Reviewers have described Kathryn Williams voice as ‘delicate’ and ‘ethereal’; physically she is much more corporeal. This was just one of the anomalies that crept up in Sunday night’s performance, in which Williams sang mostly songs from her recent album Relations intermeshed with tracks from her last set Old Low Light. Her songs are beautiful, in particular the rendition of ‘Birds’ by Neil Young, with a sense of the real emotion in what she was singing. Perhaps she had a little too much emotion. Williams did seem to be taking herself a little too seriously, understandable given her lyrics. “You put your lip-gloss on, you’re dressed up to the top of your knickers,” etc was a little hard to take. Perhaps it is that Williams occupies such a middle of the road market; her album Relations was Radio Two’s album of the week and her audience comprised mainly of middle aged men and teenage girls. Moreover, the ‘fragility’ of William’s voice translates to weakness in a live set, frequently drowned out by the noise of the instruments. Given that I’m a Kathryn Williams fan, it is surprising that I am so critical, but I felt her set was overwhelmingly disappointing. The songs that on the albums sound so beautiful and poignant, were performed in a manner rendering the sentiment little more than: “I’m so sad, why don’t boys like me?” This is a pity because I’m sure Williams feels that they do mean much more than that. Sunday night’s performance did little to demonstrate Williams’ abilities. If you like her music you’re better off buying one of her albums, the live version isn’t comparable.ARCHIVE: 4th week TT 2004
By Marcos Ommati/Diálogo February 17, 2017 Whether for operational reasons, to take advantage of opportunities that come up, or by mere coincidence, the last four deputy directors of the Inter-American Defense College (IADC) were Brazilian. Currently, the position is occupied by Brazilian Army Major General Rolemberg Ferreira da Cunha, who studied at IADC in 2011, and was also a teaching assistant at the institution. To talk about what it is like to be deputy director of an institution that has 64 students from 14 Spanish- or Portuguese-speaking countries,Diálogo interviewed Maj. Gen. Da Cunha at the IADC, in Fort Lesley J. McNair, Washington D.C. Diálogo: How relevant is the Inter-American Defense College today? Major General Rolemberg Ferreira da Cunha: Even though the college is located here in the U.S. capital and is administered by a U.S. admiral, it is a completely Ibero-American teaching institution. Basically, the college is centered on the Latino community, the Spanish-speaking community, and the Portuguese-speaking community. Today, the college focuses on the challenges Latin America faces: drug trafficking, illegal immigration, natural disasters, arms smuggling, and human trafficking, among others. These are the issues in Latin America today, the so-called new threats. And what is the importance? The importance is spreading the word.The importance is the capillarity of the college. Just think about it: what college in the world today has representatives from 14 different countries? Not just that, but these are 14 countries that face the same issues. So, we have 14 countries and 64 military and civilian students. The military students have a considerable career span, and the civilians occupy high-ranking positions in their government-related institutions. They will be the ones spreading the ideas generated here, as well as all the work and studies conducted here, in all 14 countries of Latin America. Diálogo: But the problems you mentioned, which are extremely important and are shared by all of these nations, are they not more related to security than to defense? Maj. Gen. Da Cunha: You got to the heart of the matter.These days, we face more international threats. The traditional threats of the past, like a war between nations, do not exist currently in our region. They have been replaced, little by little, with cross-border illegal activities. Let me talk a little about what I see happening in Brazil.What are the problems Brazil faces today? In the defense area: none. Of course, the Army has to always be prepared, the forces have to be up-to-date with weapons, people, knowledge, and training. But you do not have an external threat. You have internal or cross-border threats which substantially affect life in the country. So, you cannot exclude the Armed Forces from this day-to-day situation, these issues, which are more related to security.The name of the college is Inter-American Defense College. But what is studied here is related to the areas of security and defense, so much so that a student leaves here with a diploma in hemispheric security and defense studies. Diálogo: How did you become deputy director at IADC? Maj. Gen. Da Cunha: The college is part of the Inter-American Defense Board (IADB). Some of the positions in the IADB system, such as the deputy director, the chief of studies here at the college, the chairman of the Council of Delegates, and the IADB secretary are elective positions.The countries submit their candidates, and then the election takes place. Of course, a lot of work has to be done to be allowed entry and to occupy this space. The countries are very interested in occupying theses spaces, which are leadership positions.There is an understanding that cycles can be renewed. Every time a country manages to appoint a person to one of these positions, the country itself is responsible for the flow of funds and, of course, the same country must have the capability to contribute these funds. Diálogo: But the cost-benefit ratio must be favorable to the country, don’t you agree? Maj. Gen. Da Cunha: Absolutely. Since it is a multi-national college, the more people one nation puts here, regardless of the nation, the more that country’s name is promoted. Thus, having a fourth consecutive Brazilian deputy director is a way to expand the name of Brazil, the name of the Brazilian Army, and the name of the Brazilian Armed Forces.It is a way to tell others about the work we have been carrying out. In fact, Brazil is represented here at the IADC not only in a management position. We currently have two Brazilian lecturers who are members of the college faculty: Dr. Paulo Edvandro Costa Pinto and Professor Carlos Eduardo Acevedo; we have two Brazilian teaching assistants; the head of the Protocol Department is also Brazilian, as is the head of the Registration Department.We also have some sergeants working under the various departments and in administrative functions. Today, both the country of Brazil and its Ministry of Defense consider it their vocation to have as much of a presence as possible within the college. Make no mistake, this is how the country projects itself; it is a way to show Brazil’s efforts, a way for Brazil to be increasingly inserted in the context of the Americas.Diálogo: You assumed this position in December of 2016. What do you expect to contribute to the college? Maj. Gen. Da Cunha: I think the best way I can participate at the college is by trying to convince the Brazilian government, or Brazil’s Ministry of Defense, of the need to contribute the resources the country can offer. Of course, I have my daily mission here as deputy director, I have duties and responsibilities as per the institution’s set regulations; they are my day-to-day missions here at the college. But I think an important role I have is to try to convince our Ministry of Defense of how important it is to contribute resources to the college, both in terms of personnel and financial resources. This is essential if the college is going to succeed in attaining its objectives.Now, one of the college’s main goals is to transform a simple school into a graduate school, i.e. to have a master’s degree program here. This requires a major contribution of funds, without considering the contributions that the Army, the Armed Forces, and the Ministry of Defense already make, which is providing for the personnel it maintains and pays for here. I think this would be my major function here today.We must bear in mind that Brazil, Mexico, Canada, and the United States are the countries with the highest contributing capabilities, and this explains my most important job here, which is to ensure this liaison with the Ministry of Defense in order to accomplish the major goal of providing the maximum amount of funds and people to the college so it can continue to grow and accomplish its goals.Diálogo: What do you expect to take back from your experience here as a benefit to Brazil? Maj. Gen. Da Cunha: All this is of extreme value to my personal and professional training and career. You gain a lot when you work in such a multidimensional college, an institution where current, relevant topics are discussed. By participating in these discussions, you obtain a much broader vision of all the issues the Americas face. I will return to my country with a lot more knowledge of how the Americas, particularly South and Central America, see Brazil. It is important to know how these other countries see Brazil, what Brazil’s role is in relation to its neighbors, what role Brazil can play in the region and in the world, and not only in relation to the Armed Forces, but also politically.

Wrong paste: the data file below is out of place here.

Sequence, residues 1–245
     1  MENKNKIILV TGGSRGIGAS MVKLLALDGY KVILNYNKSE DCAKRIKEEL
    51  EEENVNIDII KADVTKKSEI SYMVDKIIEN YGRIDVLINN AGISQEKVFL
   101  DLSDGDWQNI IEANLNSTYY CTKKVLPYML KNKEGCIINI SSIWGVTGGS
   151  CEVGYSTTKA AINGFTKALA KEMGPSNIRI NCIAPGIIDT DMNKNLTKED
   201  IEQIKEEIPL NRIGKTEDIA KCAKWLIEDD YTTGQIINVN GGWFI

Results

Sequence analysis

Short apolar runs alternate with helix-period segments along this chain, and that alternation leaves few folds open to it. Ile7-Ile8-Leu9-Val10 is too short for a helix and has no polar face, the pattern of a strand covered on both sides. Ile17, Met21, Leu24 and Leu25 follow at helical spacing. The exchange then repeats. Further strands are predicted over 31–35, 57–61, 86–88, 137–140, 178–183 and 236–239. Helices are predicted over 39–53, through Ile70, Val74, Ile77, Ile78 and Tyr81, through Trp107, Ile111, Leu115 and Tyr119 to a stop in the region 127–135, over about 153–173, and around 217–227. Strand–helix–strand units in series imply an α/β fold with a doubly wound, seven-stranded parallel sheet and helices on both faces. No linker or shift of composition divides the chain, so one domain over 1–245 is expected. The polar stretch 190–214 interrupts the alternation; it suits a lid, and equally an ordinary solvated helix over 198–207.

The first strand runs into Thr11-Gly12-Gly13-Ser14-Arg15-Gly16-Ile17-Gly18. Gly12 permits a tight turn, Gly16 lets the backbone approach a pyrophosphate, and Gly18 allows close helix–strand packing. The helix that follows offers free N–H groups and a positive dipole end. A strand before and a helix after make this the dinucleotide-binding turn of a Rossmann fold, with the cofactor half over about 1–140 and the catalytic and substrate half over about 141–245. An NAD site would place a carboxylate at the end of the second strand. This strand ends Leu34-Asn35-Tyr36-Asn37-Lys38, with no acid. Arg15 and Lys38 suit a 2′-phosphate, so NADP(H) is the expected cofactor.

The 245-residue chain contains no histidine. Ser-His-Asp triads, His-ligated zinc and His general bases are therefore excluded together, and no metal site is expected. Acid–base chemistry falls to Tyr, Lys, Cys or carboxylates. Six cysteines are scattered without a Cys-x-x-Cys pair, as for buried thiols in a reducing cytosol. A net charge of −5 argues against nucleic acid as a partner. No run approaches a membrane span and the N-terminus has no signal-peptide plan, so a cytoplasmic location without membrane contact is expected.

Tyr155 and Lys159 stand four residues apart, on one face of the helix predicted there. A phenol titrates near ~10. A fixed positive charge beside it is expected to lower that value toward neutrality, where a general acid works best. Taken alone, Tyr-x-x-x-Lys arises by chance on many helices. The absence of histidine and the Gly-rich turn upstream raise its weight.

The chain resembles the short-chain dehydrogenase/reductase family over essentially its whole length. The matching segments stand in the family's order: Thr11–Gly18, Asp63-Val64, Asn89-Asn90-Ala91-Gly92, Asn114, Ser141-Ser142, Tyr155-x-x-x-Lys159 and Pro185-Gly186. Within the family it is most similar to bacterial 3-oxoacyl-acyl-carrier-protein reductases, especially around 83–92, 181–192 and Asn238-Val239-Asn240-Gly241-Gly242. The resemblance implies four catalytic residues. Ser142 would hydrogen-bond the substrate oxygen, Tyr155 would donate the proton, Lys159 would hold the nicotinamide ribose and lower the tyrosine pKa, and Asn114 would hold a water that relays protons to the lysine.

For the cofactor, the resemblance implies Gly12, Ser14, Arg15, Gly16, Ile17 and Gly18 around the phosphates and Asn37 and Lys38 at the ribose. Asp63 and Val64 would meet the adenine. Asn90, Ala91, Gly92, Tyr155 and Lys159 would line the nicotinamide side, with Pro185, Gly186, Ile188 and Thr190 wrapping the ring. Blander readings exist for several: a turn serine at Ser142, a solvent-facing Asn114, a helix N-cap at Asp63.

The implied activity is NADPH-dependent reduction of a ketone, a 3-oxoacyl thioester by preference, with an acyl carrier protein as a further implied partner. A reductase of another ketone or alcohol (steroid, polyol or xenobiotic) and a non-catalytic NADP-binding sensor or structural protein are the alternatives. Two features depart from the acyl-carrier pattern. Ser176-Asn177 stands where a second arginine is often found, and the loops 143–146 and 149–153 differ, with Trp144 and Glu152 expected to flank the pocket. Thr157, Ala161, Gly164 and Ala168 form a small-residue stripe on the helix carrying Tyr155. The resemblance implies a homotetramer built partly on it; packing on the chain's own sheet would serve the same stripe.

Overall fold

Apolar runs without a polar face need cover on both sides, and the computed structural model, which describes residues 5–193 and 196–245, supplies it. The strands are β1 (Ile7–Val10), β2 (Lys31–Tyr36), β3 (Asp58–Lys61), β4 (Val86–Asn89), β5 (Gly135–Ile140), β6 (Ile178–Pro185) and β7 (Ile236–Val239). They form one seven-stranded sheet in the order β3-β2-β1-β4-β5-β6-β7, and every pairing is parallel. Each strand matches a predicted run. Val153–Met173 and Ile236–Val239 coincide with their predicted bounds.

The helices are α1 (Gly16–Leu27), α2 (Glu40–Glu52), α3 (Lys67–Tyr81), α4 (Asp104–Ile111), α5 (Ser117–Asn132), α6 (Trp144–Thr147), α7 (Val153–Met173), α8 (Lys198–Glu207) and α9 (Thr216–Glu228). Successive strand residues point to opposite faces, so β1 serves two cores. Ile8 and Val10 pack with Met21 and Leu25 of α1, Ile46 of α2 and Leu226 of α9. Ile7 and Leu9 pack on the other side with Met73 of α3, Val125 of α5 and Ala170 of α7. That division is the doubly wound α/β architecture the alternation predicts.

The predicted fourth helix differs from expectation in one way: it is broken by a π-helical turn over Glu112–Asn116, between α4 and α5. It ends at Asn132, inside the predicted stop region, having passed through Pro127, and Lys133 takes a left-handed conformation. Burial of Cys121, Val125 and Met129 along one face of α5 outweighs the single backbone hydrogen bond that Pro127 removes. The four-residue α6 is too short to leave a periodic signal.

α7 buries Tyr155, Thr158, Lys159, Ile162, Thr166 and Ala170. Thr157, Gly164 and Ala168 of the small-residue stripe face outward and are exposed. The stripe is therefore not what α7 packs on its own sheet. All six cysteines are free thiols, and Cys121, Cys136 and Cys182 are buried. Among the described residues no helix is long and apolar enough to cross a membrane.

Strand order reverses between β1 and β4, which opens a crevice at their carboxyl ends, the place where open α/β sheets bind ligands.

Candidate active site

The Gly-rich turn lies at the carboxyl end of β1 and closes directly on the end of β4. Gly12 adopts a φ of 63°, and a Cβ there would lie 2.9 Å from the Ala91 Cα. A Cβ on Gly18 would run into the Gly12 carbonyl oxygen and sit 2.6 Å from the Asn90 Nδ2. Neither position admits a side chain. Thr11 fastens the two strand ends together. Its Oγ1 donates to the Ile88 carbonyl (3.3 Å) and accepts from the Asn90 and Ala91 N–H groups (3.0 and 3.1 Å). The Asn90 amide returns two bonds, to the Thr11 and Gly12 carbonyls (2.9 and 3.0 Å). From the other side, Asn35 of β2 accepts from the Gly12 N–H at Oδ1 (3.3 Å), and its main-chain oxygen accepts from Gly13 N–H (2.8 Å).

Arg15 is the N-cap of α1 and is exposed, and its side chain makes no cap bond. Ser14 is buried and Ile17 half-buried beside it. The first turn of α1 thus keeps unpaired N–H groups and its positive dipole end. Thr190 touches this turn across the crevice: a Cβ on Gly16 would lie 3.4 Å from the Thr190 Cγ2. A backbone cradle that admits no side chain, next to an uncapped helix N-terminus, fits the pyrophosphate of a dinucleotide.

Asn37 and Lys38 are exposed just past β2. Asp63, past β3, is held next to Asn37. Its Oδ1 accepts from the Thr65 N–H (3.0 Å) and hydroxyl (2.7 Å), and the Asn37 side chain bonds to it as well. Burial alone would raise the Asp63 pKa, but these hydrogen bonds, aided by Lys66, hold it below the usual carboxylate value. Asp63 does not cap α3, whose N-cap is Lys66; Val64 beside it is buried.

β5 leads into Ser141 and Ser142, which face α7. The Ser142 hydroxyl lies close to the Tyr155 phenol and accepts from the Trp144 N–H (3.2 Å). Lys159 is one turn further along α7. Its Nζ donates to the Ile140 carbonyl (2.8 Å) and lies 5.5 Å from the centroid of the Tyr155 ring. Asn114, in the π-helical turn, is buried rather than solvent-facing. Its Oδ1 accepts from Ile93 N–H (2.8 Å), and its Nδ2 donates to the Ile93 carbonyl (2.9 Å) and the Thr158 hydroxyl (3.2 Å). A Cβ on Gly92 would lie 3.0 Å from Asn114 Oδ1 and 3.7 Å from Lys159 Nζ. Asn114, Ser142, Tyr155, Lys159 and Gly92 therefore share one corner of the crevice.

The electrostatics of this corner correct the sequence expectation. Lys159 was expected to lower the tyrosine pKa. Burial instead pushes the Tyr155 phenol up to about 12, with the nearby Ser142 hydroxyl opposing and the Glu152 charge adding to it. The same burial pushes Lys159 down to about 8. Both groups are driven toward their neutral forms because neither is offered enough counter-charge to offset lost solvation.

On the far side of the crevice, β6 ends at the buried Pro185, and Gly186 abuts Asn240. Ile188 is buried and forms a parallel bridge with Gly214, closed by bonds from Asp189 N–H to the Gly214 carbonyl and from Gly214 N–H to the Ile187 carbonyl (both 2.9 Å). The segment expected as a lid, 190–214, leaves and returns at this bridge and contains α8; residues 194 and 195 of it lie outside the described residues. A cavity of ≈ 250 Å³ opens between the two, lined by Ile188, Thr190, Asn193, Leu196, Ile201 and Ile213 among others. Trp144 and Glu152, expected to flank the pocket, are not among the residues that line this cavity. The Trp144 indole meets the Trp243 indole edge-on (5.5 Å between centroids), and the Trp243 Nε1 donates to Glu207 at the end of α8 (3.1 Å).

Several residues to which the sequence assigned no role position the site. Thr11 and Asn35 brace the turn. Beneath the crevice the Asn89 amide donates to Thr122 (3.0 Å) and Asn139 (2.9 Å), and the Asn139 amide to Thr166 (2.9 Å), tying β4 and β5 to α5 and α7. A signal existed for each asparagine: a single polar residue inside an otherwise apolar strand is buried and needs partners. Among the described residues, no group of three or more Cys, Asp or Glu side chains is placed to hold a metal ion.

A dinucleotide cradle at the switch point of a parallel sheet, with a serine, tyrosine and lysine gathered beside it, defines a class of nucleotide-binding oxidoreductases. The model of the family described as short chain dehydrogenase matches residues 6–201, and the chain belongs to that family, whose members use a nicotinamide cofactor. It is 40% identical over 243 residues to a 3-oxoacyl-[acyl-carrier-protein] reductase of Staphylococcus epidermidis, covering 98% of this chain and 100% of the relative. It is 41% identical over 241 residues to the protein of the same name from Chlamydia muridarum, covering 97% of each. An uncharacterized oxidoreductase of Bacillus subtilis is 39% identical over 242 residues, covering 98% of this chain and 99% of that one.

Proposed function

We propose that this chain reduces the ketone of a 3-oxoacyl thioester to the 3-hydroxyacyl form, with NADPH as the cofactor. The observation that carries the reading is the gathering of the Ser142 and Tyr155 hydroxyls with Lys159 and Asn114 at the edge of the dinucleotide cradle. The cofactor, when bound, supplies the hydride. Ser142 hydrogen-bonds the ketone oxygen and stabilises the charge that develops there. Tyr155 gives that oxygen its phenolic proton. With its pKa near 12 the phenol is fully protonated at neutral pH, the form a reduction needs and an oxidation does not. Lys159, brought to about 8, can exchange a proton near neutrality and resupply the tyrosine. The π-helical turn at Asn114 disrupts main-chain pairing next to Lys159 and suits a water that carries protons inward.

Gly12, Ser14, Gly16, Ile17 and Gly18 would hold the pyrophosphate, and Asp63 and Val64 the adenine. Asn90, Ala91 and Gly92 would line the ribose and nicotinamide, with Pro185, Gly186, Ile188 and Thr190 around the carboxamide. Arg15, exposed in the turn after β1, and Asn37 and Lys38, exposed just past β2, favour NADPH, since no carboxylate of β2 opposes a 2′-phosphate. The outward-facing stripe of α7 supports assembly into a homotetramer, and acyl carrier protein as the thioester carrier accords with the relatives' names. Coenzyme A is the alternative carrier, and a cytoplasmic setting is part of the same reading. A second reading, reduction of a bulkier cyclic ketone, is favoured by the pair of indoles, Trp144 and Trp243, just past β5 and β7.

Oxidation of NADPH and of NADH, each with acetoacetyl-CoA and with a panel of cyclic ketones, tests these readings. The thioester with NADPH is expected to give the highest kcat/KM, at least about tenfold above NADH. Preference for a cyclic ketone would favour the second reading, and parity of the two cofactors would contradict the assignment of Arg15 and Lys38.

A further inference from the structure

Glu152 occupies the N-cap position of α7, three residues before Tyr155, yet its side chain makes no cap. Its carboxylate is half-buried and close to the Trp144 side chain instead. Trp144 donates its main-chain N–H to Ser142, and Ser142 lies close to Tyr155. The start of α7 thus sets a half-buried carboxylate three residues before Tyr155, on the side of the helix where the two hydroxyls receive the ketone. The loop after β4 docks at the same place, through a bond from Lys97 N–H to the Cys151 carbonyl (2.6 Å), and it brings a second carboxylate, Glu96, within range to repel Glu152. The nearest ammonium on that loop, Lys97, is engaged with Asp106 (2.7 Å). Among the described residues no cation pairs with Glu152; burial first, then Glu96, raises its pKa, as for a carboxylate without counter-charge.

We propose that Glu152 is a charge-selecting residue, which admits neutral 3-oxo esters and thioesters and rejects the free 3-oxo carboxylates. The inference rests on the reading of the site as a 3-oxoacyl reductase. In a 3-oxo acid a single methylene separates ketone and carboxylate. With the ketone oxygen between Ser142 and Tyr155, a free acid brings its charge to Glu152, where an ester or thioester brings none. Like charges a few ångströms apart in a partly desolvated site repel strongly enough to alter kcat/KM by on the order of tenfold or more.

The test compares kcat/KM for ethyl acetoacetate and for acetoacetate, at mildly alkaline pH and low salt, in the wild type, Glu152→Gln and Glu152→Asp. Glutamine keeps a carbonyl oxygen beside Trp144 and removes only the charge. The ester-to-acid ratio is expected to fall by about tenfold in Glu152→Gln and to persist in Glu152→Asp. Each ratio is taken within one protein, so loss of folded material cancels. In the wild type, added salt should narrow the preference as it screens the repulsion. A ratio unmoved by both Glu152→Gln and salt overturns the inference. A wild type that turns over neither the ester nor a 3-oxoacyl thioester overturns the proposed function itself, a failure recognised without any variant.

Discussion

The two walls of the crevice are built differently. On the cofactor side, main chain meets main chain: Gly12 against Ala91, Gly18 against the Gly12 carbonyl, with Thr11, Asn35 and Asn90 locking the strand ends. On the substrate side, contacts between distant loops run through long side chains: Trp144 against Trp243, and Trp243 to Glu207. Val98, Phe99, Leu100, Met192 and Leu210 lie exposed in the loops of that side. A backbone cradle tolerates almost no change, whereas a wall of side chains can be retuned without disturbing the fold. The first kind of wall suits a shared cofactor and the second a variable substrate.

Sign up for our COVID-19 newsletter to stay up-to-date on the latest coronavirus news throughout New York That was no way to celebrate the first day of spring. Long Island saw as much as 7 inches of snow in some areas as a winter storm moved into the area Friday and lingered through the night and into the early morning hours, with some flurries still visible after sunrise. Seven inches was recorded in Rocky Point and almost a dozen other communities in Suffolk County measured more than 6 inches, according to unofficial snowfall totals published by the National Weather Service in Upton. There appeared to be less accumulation in Nassau County. Merrick recorded 5.9 inches, and a number of other neighborhoods from the South Shore to the North Shore counted more than 5 inches. Snowfall totals mostly ranged from 4 to 7 inches; forecasters had predicted 3 to 6 inches of accumulation. Here’s how the rest of the weekend is expected to shape out: There’s a slight chance of rain showers after 5 p.m. on Saturday, with the thermometer reaching a high of 41—potentially helping melt most, if not all, of the white stuff that fell. The wind chill will make it feel more like 30 degrees, forecasters said. Strong gusts predicted for the evening will drop the temperature into the low 30s. Sunday is expected to be sunny, with a high near 36—not warm enough for Long Islanders still reeling from the record-breaking winter that just came to an end. Now, let’s all hope that this latest storm was winter’s final hurrah.